Weight Loss Surgery Helps Obese Diabetes Patients: Study
Written By: Julie Steenhuysen
MONDAY, August 16th, 2010 (Reuters) — Three-fourths of obese diabetics who had weight loss surgery were able to quit taking diabetes drugs within six months of their operation, U.S. researchers said today, citing a new study.
They said the surgery may eliminate the need for chronic medications to treat the disease and reduce overall healthcare costs, providing a strong argument for insurance companies to pay for the procedures.
Once developed, diabetes and obesity are rarely reversed, Dr. Martin Makary of Johns Hopkins University in Baltimore and colleagues reported in Archives of Surgery, a medical journal.
“Until a successful non-surgical means for preventing and reversing obesity is developed, bariatric surgery appears to be the only intervention that can result in a sustained reversal of both obesity and type 2 diabetes mellitus in most patients receiving it,” they wrote.
Bariatric surgery, or weight loss surgery, has increased by 200 percent during the past five years, as obese people struggled to lose weight and avoid the health complications that accompany the extra pounds — such as diabetes, heart disease, joint pain and some cancers.
There are several ways to do the surgery with the aim of giving the patient the illusion of fullness with small meals.
In one approach, an adjustable band is inserted in a small incision and wrapped around the top of the stomach during the surgery. In another, known as gastric bypass, the stomach is closed off near the top, creating a small pouch.
But few studies have looked at how the surgery affected health costs in type 2 diabetics.
Makary and his colleagues analyzed insurance claims data from 2,235 patients who underwent bariatric surgery during a four-year period.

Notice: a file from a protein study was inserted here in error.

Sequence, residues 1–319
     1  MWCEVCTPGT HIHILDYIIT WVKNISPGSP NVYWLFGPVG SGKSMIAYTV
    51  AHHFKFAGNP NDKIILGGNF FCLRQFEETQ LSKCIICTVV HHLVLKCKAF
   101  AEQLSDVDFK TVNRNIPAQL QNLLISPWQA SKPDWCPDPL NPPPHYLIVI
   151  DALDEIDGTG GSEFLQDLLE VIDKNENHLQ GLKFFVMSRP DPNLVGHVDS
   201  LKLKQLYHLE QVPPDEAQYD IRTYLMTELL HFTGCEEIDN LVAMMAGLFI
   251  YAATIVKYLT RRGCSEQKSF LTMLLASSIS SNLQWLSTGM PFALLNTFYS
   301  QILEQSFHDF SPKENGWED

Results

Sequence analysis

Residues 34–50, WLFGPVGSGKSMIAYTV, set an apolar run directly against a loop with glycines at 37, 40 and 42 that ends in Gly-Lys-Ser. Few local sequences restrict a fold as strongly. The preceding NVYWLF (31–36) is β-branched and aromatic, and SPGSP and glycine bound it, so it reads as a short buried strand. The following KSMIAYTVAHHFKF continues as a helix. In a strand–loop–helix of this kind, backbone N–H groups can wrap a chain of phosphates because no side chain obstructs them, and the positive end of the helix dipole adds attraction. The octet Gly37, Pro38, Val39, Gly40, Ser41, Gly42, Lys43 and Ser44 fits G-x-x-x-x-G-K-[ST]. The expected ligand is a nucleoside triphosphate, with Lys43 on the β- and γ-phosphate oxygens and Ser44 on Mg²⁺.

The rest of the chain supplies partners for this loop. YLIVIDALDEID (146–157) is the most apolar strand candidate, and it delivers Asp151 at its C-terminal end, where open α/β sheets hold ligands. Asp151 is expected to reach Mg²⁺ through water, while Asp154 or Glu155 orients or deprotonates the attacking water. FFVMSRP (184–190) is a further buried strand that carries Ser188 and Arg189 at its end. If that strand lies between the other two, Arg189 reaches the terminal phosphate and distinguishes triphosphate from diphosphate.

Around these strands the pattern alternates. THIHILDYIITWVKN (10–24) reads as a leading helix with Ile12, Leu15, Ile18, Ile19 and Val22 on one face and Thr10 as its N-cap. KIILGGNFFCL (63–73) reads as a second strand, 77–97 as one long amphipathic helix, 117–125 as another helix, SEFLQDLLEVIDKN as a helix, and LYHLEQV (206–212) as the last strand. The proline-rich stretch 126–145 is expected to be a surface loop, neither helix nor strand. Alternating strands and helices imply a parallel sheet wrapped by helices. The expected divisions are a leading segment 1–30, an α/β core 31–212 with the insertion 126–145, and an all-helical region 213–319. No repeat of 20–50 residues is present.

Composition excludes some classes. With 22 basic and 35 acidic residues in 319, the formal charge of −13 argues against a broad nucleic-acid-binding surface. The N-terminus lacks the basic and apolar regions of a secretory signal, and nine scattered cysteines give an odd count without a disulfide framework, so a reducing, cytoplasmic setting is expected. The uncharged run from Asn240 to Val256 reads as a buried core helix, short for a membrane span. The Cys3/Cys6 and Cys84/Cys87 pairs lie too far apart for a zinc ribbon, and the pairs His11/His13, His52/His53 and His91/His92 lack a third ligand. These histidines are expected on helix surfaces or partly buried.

They found that among the diabetic patients who had bariatric surgery, only 25 percent were taking diabetes medication six months later, and that number kept falling.
A year after surgery, fewer than 20 percent of patients were taking diabetes drugs and two years after surgery, only 15 percent were still doing so.
Healthcare costs per diabetic averaged $6,376 per year in the two years before surgery. The median cost of the surgery and hospitalization was $29,959.
Health costs increased in the year after the study by nearly 10 percent, but then fell by 34 percent in the second year after surgery and by 70.5 percent in the third year.
“Because weight loss following bariatric surgery has been observed to be sustained for decades, we believe that the protective effect against complications of diabetes is also likely to be long-term,” the team wrote.
Based on the study, obese patients with diabetes should be told about the risks and benefits of bariatric surgery, and insurance companies should be encouraged to cover weight-loss surgery for appropriate patients, they said.
The National Institutes of Health recommends the surgery for someone with a body mass index of at least 40.
BMI is equal to weight in kilograms divided by height in meters squared. A person 5 feet 5 inches tall (165 cm) with a BMI of 40 would weigh more than 240 pounds (109 kg).
Both Johnson & Johnson and Allergan Inc make bands for weight-loss surgery.